We have been involved in a number of such initiatives around Scotland with partners and others.10:45
Has SNH fed into the agenda for closing the attainment gap? Does it plan to?
My colleagues might know whether we have fed into it. A number of initiatives are clearly in sympathy with it but I do not know whether we have fed into it. It would be an obvious extension of the work that we do.
How do you raise awareness of your work? I attended a Tayside biodiversity event a few weeks ago—it was very good, by the way—and I was quite struck by the number of projects that were being carried out across Tayside that I had no knowledge of. That might be a criticism of me but, given my interest in the subject, I am a little bit surprised that none of them had come across my radar. What do you do to raise awareness of your good work out there in communities? That is surely part and parcel of encouraging respect for the natural environment and spreading it across society.
I am happy to say that one of our real strengths is the quality of our people and their commitment, professionalism and absolute dedication. I have worked with a range of agencies and I have seen such qualities, but never to the extent that I see them at SNH. The people are really committed to what they are doing and go well beyond what would normally be expected.
If I was to make one criticism of SNH, it would be that we are not good at telling people what we do. One of my aims is for us to become better at it. SNH leads, participates in, facilitates or enables a whole range of initiatives, some of which we have described today but many of which we have not, and we are not good at getting that message out. Many people think that SNH is something to do with protected areas and that that is about it, but we are involved in a wide range of activities. Making things happen and the connection between nature and people are right at the core of our role.
One of the things that I have highlighted as a priority and that is beginning to gather a bit of momentum is about communicating to stakeholders and to the wider public what we do. We have more to do in that respect.
I was at the local biodiversity action plan reception in Parliament about a week ago. It was gratifying to have people who are directly involved highlighting time and again things that had happened because of SNH. We are probably a little bit shy about claiming the credit and there is a lot of credit that we can justifiably claim.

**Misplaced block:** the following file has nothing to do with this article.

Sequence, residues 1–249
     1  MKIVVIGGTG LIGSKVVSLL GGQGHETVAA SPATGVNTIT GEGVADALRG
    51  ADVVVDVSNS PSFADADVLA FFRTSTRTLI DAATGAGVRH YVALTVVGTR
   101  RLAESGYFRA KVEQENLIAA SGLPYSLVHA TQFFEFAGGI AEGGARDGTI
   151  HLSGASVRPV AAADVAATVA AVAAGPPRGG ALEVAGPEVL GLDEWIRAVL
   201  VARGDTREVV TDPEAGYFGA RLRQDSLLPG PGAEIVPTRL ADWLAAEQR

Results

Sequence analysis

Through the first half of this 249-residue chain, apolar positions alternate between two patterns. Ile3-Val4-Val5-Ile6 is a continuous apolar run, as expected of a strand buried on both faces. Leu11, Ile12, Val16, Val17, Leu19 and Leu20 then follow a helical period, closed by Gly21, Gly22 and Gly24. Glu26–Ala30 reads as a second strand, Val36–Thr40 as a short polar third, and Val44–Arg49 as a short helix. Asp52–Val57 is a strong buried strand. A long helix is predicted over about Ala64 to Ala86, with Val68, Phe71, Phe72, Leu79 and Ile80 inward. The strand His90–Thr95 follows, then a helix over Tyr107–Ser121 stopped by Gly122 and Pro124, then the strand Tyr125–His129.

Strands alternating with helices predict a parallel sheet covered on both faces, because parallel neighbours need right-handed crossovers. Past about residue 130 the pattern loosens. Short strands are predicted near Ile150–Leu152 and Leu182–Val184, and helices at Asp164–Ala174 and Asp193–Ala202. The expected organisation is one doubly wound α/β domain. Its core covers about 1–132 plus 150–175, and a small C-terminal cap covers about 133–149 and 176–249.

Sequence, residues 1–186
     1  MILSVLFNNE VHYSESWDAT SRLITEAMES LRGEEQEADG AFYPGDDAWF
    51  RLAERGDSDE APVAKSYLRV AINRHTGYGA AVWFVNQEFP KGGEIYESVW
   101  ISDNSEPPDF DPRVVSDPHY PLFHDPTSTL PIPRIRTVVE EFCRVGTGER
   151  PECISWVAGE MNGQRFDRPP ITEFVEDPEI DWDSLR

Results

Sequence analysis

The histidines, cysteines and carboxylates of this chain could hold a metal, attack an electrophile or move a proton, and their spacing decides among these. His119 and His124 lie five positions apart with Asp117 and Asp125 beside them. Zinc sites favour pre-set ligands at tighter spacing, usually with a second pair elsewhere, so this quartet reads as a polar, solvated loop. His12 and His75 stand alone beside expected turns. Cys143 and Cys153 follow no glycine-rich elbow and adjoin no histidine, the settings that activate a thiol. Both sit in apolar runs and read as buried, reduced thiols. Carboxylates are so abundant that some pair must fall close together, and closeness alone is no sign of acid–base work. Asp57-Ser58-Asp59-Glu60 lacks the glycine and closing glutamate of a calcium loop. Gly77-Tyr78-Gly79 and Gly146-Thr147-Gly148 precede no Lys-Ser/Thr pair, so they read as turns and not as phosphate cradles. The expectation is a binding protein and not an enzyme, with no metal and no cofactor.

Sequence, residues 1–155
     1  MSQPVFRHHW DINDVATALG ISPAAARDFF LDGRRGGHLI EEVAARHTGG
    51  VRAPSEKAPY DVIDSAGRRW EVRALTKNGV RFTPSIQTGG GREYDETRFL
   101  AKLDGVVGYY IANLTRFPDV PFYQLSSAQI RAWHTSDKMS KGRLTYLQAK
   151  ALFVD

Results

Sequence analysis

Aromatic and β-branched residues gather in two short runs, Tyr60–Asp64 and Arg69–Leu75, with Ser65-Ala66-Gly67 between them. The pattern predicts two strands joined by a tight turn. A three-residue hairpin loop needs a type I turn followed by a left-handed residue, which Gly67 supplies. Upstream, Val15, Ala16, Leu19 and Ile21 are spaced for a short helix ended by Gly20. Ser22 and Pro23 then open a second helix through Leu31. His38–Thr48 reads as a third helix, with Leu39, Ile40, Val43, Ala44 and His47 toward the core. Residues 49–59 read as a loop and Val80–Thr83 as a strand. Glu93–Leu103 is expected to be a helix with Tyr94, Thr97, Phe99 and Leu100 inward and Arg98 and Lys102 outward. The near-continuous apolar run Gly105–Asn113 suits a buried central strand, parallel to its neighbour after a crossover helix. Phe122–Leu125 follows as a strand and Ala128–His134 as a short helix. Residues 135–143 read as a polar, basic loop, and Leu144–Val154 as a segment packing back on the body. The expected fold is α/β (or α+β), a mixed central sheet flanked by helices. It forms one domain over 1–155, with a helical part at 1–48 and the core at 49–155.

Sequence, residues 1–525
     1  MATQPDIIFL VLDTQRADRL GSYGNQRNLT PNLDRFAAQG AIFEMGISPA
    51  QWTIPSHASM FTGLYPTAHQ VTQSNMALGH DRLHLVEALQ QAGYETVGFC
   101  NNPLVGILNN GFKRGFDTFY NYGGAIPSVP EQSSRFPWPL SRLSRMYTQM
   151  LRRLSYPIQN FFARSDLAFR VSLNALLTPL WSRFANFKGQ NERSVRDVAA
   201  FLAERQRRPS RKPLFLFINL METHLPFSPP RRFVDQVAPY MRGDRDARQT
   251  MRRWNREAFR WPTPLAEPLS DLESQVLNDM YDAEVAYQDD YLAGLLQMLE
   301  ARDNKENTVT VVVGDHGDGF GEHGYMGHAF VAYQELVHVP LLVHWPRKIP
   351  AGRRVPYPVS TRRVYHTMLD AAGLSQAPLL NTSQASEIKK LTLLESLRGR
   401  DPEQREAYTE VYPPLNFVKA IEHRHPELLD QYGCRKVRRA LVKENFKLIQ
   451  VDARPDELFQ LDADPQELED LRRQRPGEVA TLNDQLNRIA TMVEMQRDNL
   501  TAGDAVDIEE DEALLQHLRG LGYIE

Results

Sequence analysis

Thank you. Talking about people, Maurice Golden has some questions.
I am looking at staffing levels and have looked across the portfolio at other agencies and their staff to budget ratios. My reckoning is that SNH is probably at mid-table. Some agencies operate with around half the number of staff per pound of budget spent and others operate with around double SNH’s staffing levels.
That partly reflects the slightly different functions that are being carried out but it could also reflect on different approaches to spending the allocated budget. I am interested to hear a little bit about your delivery approach, what it is, and how much you use contracting out for delivering various functions. How have changes in staffing profiles been reflected in delivering the functions and national performance indicators in the past five years in terms of total number and particular areas of focus?
I suspect that I will have to look to my colleagues to go into the detail of that. My general comment on delivery is that we still value the fact that we have a dispersed presence across Scotland.
We have, I think, 38 offices across Scotland. Many of them are shared premises now because of the approach that we have taken, but that means that we still have that level of operational contact with stakeholders and members of the public. We also try to create a number of teams so that we can have centres of expertise, not necessarily located in one place. The term that we often use is virtual teams; they are a team but are located in different areas. We have tried to work to the strengths of our organisation while retaining some of those benefits.
In relation to some of the more detailed points that were raised, now that I have given my colleagues some time to reflect I will look across to Ian Jardine and Jane Macdonald.